Juneteenth is the country’s newest federal holiday – a day for all Americans to celebrate the end of slavery. Yet only 18 states have passed legislation that would provide funding to let state employees observe the day as a paid state holiday.
The only states that officially observe Juneteenth as a legal holiday are: Colorado, Connecticut, Delaware, Georgia, Illinois, Louisiana, Maine Massachusetts, Maryland, Nebraska, New Jersey, New York, Ohio, Oregon, South Dakota, Texas, Virginia, and Washington.
In the private sector, Juneteenth will be a paid holiday for around 30 percent of private employers in the country this year, Axios’ Kelly Tyko reports. And seeing that Juneteenth falls on a Sunday this year, Monday is when many businesses, the federal government, and those 18 states will officially recognize it.
Opponents of some bills to make Juneteenth a paid holiday say that would give employees another paid day off and complain that the costs are too high, while many more opponents say that not enough people know what Juneteenth is all about.
However, according to the latest survey, more Americans recognize what the Juneteenth celebration is about. Of those surveyed in Gallup’s 2022 poll, nearly 60 percent of Americans said they knew about the holiday, compared with 37 percent in May 2021.
“This is something that Black folks deserve and it was like we had to almost prove ourselves to get them to agree,” said Anthony Nolan, a state representative in Connecticut, where legislators argued for hours earlier this year before passing legislation to fund the holiday.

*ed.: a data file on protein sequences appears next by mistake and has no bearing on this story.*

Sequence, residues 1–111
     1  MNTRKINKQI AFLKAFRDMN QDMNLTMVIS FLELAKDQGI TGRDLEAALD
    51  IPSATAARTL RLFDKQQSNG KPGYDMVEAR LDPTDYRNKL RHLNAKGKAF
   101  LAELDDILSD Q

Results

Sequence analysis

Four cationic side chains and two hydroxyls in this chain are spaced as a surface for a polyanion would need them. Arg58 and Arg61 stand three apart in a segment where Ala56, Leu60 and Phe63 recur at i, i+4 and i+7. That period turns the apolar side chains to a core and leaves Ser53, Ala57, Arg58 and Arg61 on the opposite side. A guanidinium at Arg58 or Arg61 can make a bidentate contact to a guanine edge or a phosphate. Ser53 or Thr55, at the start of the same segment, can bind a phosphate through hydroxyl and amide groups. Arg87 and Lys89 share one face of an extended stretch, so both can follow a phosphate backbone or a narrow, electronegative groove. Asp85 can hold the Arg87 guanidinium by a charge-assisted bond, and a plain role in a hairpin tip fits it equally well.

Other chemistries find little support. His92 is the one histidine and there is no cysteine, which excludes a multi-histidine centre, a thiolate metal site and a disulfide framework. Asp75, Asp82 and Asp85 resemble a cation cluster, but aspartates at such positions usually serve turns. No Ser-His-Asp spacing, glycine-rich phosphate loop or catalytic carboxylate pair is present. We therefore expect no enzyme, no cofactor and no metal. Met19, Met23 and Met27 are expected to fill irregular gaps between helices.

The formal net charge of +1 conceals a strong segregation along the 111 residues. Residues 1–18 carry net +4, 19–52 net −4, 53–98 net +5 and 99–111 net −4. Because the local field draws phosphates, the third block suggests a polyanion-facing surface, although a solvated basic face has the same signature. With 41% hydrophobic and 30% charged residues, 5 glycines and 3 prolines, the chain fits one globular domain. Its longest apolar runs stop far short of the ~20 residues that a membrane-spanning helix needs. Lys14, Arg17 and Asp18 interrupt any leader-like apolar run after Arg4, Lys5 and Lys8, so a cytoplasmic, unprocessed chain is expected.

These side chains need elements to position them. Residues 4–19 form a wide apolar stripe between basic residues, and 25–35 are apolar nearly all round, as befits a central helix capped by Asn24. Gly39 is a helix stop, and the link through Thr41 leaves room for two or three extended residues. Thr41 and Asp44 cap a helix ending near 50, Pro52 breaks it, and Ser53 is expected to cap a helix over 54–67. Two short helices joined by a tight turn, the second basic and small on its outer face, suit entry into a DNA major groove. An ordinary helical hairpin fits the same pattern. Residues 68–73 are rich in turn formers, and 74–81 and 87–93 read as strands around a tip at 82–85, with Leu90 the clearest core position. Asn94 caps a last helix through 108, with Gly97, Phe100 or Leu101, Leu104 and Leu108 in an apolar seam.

Juneteenth has been commemorated since the late 1800s when residents of Galveston, Texas, the home of Juneteenth, began marking the day when members of the Union Army, led by General Gordon Granger arrived to inform enslaved African Americans of their freedom after the Civil War had ended.
General Granger’s announcement in 1865 put into effect the Emancipation Proclamation, which had been issued more than two years earlier by President Abraham Lincoln, on Jan. 1, 1863.
Black people have led their own celebrations for the holiday since its inception. Their celebrations have since reached everywhere the Black diaspora has spread.
While interest in the celebration has waxed and waned over the decades, Juneteenth was thrust back into the public spotlight with racial justice movements demanding more political capital, especially in the aftermath of George Floyd’s murder in 2020.
Following George Floyd’s death, 8 percent of private employers offered Juneteenth as a paid holiday in 2020 compared to 30 percent this year, according to survey data from the Wisconsin-based International Foundation of Employee Benefit Plans.